Background: A high level of replication is one of the main indicators of tumors.
Tumor cells have to manufacture and transport macromolecules into daughter cells. One
of the required enzymes is malic enzyme, which generates the NADPH for fatty acid
synthesis in order to make cell membrane and pyruvate, and support the glycolysis
pathway to supply the energy demand. Due to the enormous proliferation of cancer cells,
it is likely that the activity of malic enzyme in cancer cells is more than normal cells.
The aim of this study is to survey the kinetics of malic enzyme in tumor and normal
Methods: We obtained the tumor and normal breast tissue specimens directly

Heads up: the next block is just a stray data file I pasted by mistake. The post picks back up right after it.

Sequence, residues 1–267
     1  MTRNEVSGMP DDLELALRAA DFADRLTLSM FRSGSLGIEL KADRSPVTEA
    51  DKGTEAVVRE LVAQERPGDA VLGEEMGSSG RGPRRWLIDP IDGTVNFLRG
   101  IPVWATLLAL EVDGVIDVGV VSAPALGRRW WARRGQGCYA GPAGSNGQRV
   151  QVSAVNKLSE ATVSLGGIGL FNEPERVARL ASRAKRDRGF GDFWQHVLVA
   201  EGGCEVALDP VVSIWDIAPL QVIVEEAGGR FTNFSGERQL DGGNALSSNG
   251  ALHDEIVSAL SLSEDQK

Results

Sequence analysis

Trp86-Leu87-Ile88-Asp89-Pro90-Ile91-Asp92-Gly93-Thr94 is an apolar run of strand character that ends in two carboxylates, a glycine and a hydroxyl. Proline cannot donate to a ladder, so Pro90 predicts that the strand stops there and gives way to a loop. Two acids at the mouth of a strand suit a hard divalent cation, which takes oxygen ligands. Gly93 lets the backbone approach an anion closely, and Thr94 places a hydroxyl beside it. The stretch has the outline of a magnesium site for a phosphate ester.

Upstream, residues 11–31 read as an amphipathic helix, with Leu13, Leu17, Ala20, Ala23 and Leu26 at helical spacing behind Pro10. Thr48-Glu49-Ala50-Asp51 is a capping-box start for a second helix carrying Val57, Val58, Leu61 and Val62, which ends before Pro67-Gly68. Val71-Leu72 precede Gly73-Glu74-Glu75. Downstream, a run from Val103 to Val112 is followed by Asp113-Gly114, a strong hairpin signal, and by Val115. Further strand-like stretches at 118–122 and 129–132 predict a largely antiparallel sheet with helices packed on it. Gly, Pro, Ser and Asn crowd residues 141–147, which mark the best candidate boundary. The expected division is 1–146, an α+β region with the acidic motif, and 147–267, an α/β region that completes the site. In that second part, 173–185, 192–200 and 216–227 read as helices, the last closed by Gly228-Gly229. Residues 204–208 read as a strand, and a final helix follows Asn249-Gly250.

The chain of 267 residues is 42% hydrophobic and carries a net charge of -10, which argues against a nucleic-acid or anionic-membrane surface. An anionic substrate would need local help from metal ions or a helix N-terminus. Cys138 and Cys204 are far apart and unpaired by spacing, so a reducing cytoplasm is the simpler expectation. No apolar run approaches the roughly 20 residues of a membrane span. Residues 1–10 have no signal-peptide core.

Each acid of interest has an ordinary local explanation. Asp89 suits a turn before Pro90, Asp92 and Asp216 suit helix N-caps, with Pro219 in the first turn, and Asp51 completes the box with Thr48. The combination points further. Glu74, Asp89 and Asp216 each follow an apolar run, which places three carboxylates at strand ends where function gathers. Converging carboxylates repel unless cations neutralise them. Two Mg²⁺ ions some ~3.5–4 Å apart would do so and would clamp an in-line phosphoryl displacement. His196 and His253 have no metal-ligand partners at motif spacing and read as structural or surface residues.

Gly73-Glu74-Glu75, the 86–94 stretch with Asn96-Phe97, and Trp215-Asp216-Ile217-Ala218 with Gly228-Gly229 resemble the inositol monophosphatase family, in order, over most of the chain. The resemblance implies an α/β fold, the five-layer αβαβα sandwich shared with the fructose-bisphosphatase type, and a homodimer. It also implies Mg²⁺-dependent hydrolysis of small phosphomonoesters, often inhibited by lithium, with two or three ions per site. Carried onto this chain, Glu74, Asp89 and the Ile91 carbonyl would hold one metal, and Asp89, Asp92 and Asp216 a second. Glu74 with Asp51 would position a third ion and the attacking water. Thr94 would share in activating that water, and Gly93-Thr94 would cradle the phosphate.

from the operating room. The assays were performed with partially purified samples
under optimum conditions for the substrate and co-factor requirements. The velocity
of the enzyme or Michaelis-Menten constant, maximum velocity, and the amount of
inhibitor that reduced the enzyme activity by 50% were obtained and calculated in all
Results: The Michaelis-Menten constant for malate was lower in tumors compared
to normal samples. In contrast, the maximum velocity for malate in tumors was higher
than normal tissues, whereas the amount of inhibitor that reduced the enzyme activity
by 50% of guanidine hydrochloride and sodium chloride were both higher in tumors
than normal tissues.
Conclusion: The obtained results indicated that the malic enzyme kinetics had
different patterns in tumor tissues in comparison with normal tissues. A higher affinity
of malic enzyme for pyruvate production in tumors supported high aerobic glycolysis.
Moreover, it could be an approach to connect glutaminolysis to the glycolysis pathway.
Malic enzyme could be a target to inhibit the glycolysis and glutaminolysis pathways